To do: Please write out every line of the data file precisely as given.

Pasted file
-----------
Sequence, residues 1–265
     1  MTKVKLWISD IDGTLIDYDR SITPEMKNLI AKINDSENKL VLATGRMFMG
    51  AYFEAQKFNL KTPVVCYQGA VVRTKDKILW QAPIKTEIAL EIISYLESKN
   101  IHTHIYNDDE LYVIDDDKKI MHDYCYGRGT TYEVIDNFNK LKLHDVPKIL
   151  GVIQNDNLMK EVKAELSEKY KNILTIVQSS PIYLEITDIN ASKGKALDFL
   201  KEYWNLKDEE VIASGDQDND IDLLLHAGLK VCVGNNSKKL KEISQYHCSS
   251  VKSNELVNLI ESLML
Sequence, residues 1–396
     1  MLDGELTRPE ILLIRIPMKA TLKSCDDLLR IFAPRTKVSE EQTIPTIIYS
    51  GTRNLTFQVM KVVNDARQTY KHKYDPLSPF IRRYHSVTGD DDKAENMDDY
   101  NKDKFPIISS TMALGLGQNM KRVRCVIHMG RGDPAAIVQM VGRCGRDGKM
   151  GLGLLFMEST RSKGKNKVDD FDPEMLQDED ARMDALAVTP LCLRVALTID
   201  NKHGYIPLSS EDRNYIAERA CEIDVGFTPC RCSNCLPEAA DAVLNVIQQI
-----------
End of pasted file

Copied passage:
Sequence, residues 1–265
     1  MTKVKLWISD IDGTLIDYDR SITPEMKNLI AKINDSENKL VLATGRMFMG
    51  AYFEAQKFNL KTPVVCYQGA VVRTKDKILW QAPIKTEIAL EIISYLESKN
   101  IHTHIYNDDE LYVIDDDKKI MHDYCYGRGT TYEVIDNFNK LKLHDVPKIL
   151  GVIQNDNLMK EVKAELSEKY KNILTIVQSS PIYLEITDIN ASKGKALDFL
   201  KEYWNLKDEE VIASGDQDND IDLLLHAGLK VCVGNNSKKL KEISQYHCSS
   251  VKSNELVNLI ESLML
Sequence, residues 1–396
     1  MLDGELTRPE ILLIRIPMKA TLKSCDDLLR IFAPRTKVSE EQTIPTIIYS
    51  GTRNLTFQVM KVVNDARQTY KHKYDPLSPF IRRYHSVTGD DDKAENMDDY
   101  NKDKFPIISS TMALGLGQNM KRVRCVIHMG RGDPAAIVQM VGRCGRDGKM
   151  GLGLLFMEST RSKGKNKVDD FDPEMLQDED ARMDALAVTP LCLRVALTID
   201  NKHGYIPLSS EDRNYIAERA CEIDVGFTPC RCSNCLPEAA DAVLNVIQQI